Greenfield et al, 1984, reported upon the use of the above drugs with 1% xylocaine for interdigital neuroma.  Patients were found to favour injection therapy over the conservative approaches with shoewear style modification or orthotic prescription.  In Greenfield’s retrospective study of 65 patients, 50% temporary relief was identified for a mean of 3 injections.  Total relief was recorded in 14% of patients after one injection.  Injection therapy failed in 11 patients who then went on to require surgical excision; of these cases 4 did poorly. Methylprednisolone acetate (MPA) has approximately 5 times the glucocorticoid action of hydrocortisone, and is some 1.25-1.5 times stronger than prednisolone.  Betamethasone is 8-10 times as active as prednisolone on a weight for weight basis.

MPA can be used in all joints of the foot and plantar fascia.  The drug is safe but can, in 2% of cases, cause a steroid flare which subsides with the local inflammatory response in 12-48 hours.  Table 1 provides a summary of the licensed indications for use of both MPA and Betamethasone in the UK.

Methylprednisolone Betamethasone

Rheumatoid arthritis


Granuloma annulare





Heel pain

Post operative swelling

Status Asthmaticus

Tennis Elbow



Acute allergic reactions

 Table 1 Licensed indications and conditions used in this study marked by an asterisk* Drugs used in this study: Methylprednisolone acetate as Depomedrone (Upjohn). Betamethasone sodium phosphate as Betnesol (Evans Medical Ltd)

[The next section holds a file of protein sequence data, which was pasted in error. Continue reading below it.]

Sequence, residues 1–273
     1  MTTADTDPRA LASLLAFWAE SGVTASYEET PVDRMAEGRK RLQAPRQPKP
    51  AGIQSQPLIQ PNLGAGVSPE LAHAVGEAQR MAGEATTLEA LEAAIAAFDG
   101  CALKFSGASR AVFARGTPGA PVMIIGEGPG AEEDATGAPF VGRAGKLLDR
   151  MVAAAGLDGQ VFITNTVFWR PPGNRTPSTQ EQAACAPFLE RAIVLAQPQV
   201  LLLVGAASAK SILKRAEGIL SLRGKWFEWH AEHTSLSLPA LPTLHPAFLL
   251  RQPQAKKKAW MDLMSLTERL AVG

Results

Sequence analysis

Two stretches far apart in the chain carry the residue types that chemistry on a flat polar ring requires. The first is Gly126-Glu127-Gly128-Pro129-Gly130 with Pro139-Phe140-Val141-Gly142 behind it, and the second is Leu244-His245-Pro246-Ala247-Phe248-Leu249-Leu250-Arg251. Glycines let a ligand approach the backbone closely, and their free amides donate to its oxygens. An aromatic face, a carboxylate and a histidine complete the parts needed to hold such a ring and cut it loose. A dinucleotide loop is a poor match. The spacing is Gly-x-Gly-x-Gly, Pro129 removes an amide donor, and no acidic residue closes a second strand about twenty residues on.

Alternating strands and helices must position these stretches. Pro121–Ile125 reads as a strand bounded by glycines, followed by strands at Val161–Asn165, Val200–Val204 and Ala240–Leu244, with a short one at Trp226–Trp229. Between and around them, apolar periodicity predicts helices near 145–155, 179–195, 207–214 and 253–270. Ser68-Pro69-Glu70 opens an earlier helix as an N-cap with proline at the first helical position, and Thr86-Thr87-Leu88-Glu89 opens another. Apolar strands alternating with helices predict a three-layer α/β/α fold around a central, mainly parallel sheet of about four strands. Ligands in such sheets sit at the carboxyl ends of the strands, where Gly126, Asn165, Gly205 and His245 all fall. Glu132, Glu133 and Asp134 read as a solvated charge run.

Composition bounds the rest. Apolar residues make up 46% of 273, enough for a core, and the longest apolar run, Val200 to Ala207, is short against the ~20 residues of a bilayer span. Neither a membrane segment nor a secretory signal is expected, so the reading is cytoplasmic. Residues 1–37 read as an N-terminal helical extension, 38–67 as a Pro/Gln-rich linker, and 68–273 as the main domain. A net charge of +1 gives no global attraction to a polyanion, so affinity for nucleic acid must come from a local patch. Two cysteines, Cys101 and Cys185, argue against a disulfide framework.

Contraindications include avoidance in the presence of infection, where patients are immunocompromised or have had any previous allergy to steroids.  An allergy which relates to one local steroid does not preclude use of another automatically.

-2   getting worse
-1   steroid flare 1-2 days
0     No change
1      comfortable for 2 weeks
2      comfortable for 2-4 weeks) although still
3      comfortable for 5-8 weeks) some symptoms
4      comfortable for 9-12 weeks
5      comfortable free 3-6 months
6      comfortable free 6 months+ 

Table 2 Scale of clinical changes in symptoms

Much has been recorded on the contraindication of infiltration around tendons.  While this does not concern this paper, it should be noted as a cause of premature rupture in tendons such as the tendo Achillis.2.3

The use of methylprednisolone as an intra articular injection has been implicated as having a deleterious effect on cartilage.  Hydroxyapatite crystal deposition following steroid injection has been noted in animal research and is thought to increase the effects of osteoarthritis.4 Loss of matrix glycosaminoglycans can lead to replacement with collagen causing a reduction in the flexibility and resilience of cartilage.  However, the overall effect on cartilage may not be completely detrimental as decreased swelling protects synovial vessels, stabilizes chondroblasts and intimal cells of the synovium.Shoemaker et al (1992) sacrificed horses in a controlled study where carpal joints were deliberately damaged.  In those animal injected for four weeks, no replacement fibrocartilage was demonstrated compared with the control group.5